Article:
Tuesday, January 8, 2019

Note: Check Value Before Discarding

Some personal thoughts weighing on me today.  It would be very unusual to discards something you know is valuable.  But far more common to discard something you think is not.

I remember a few horror stories of people who had collected sometimes extremely valuable baseball cards or something like that, and upon returning home from a mission discover that it got thrown out while they were gone. The person discarding the item did not think them valuable and therefore concluded there was nothing to be lost in tossing it.  The stories I've heard were often innocent mistakes due to a degree of ignorance.  Had the person known, they never would have done it.     

On the other end of the spectrum are those TV shows about hoarding. Where someone thinks everything is valuable and therefore is unable, for whatever reason, to part with it. This too is a problem. Holding on to too much of the wrong stuff can destroy a person's life, both physically, emotionally, and socially.   

How are we ever to know if something is valuable if we don't understand it?  It's hard.  Which is why the Gospel invites us to continually seek light and truth from God.  Some things like ceremony, scripture, and ordinances are things we know are valuable even if there is a general lack of understanding about the specifics.  So when those change I believe we should stop and take careful note.

In terms of religion and truth my experience is sometimes when people experience a faith crisis the baby goes out with the bath water.  Or so the saying goes.  When emotions and hurt are high, it's more difficult to stop and consider what ought be discarded and what definitely shouldn't.  In that stressful state a person is very vulnerable to accepting false whispers about how the entire basis for faith, scripture, God, etc etc was all wrong or was a deception and that's when truth can get tossed.

People can loose faith not just in their tradition, but faith in God all together as they sort through the disorientation. The bad taste can be so bad its ruinous to the person’s life. There is great risk discarding things of value if we don't stop and gain our bearings when confronted by something like this.

I've seen a few moments of regret on peoples faces who inadvertently tossed too much.  Thankfully we can all repent and accept truth, so there's hope.  But it's just not good when truth is discarded.  It can be far more costly than some baseball cards. The Gospel of Jesus Christ is about acquiring truth, preserving it, and helping it endure, never discarding it under the guise of revelation.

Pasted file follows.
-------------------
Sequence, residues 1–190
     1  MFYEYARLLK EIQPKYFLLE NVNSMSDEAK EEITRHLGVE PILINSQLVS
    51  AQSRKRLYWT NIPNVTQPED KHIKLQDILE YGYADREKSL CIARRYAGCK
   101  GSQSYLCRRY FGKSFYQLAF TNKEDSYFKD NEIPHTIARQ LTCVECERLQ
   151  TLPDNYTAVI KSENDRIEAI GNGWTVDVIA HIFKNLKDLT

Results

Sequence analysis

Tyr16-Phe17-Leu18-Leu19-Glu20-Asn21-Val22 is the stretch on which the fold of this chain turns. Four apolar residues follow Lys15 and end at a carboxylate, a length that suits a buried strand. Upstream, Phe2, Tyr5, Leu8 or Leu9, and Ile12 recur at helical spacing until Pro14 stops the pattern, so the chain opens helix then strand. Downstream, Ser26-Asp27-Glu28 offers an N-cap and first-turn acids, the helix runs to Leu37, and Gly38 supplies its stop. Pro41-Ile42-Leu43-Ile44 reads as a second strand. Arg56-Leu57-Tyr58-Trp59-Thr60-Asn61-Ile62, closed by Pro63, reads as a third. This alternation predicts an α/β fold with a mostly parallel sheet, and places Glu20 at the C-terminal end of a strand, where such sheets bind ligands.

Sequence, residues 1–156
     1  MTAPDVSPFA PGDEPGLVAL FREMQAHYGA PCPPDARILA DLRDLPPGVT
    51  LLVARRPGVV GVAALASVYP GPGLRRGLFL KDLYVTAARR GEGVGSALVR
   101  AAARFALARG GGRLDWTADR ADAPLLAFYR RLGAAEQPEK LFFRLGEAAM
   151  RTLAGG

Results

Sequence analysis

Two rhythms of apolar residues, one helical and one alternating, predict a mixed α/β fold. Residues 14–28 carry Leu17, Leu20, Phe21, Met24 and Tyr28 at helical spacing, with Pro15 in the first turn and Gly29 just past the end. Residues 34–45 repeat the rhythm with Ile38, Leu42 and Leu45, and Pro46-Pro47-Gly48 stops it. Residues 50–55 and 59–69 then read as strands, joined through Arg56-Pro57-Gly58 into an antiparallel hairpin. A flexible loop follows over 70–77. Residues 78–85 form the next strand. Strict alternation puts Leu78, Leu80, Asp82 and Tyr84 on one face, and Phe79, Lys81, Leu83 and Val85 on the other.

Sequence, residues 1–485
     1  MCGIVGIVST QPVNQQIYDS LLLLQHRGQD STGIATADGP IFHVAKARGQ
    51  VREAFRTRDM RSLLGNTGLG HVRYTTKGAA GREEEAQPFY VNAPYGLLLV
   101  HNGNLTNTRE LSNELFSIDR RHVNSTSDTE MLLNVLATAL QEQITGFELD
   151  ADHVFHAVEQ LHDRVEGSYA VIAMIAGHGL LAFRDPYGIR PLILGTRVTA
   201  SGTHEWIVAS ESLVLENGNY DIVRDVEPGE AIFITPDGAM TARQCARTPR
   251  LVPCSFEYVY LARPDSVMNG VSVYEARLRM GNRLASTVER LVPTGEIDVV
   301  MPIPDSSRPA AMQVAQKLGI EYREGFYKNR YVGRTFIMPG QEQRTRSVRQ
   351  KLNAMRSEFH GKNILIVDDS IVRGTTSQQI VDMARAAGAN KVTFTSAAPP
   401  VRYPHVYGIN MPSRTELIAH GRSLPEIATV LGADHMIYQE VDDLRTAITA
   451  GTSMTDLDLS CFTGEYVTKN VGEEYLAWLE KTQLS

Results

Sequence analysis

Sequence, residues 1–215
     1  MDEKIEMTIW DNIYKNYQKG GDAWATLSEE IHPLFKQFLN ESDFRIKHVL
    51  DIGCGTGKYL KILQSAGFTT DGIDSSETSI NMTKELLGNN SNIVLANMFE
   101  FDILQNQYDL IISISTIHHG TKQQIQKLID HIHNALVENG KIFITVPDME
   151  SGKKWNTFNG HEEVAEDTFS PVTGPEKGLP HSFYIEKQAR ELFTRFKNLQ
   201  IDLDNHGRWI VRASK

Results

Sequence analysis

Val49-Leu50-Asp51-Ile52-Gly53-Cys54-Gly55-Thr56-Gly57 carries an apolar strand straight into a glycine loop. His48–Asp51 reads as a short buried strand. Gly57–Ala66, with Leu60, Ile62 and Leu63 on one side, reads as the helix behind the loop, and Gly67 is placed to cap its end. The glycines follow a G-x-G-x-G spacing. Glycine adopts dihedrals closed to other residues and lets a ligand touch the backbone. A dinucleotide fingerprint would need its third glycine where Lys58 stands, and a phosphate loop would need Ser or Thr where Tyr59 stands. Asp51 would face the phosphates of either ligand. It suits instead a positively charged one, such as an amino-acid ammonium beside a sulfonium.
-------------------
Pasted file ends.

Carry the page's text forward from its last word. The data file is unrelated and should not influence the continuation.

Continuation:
This was on my mind today after contemplating recent temple changes the LDS church has made.  It reminded me of a lesson I want to remember. Which is to check the value of something before discarding it. Just because you don't know the value of something does not mean it has none.  And because someone you view as having authority implies something has no value doesn't mean it really has none.  How many very valuable items sit rotting in a landfill somewhere because someone asked someone else if it was valuable and was told no?  Then that was the end of it.  It's often impossible to recover at that point. 

As most people know the LDS church recently discarded a number of things from the temple ceremony.  I've not attended to see for myself, I'm only going off validated reports. It's my understanding no explanation was given for the removals.  Things were simply changed and things removed.  Some common assumptions attending this is that the things discarded had little value, or were sufficiently pointless, out of date, or redundant so as to be removed without explanation.

Participants are asked not to discuss the changes and that restriction now extends to not discussing the ordinances at all.  So since no discussion should take place regarding it, it keeps people in a state of perpetual ignorance with only distractions offered to pacify.

It's a good reminder to check value before you discard something.  Even if religion discards things that had value, we individually don’t need to.  After enough discarding a lot of people may get fed up with it and then the risk of everything getting tossed grows. So people will need a place to land. A place that preserved truth.  I hope to work towards such a place.  Where truth is valued and understanding sought for.

I think Joseph Smith spoke with Godly wisdom and intelligence when he said time and experience and careful solemn and ponderous thoughts are how to find out the things of God. Once you find it out, it then takes effort to preserve it as it gets sometimes aggressively discarded by those who have lost any view of it's value.

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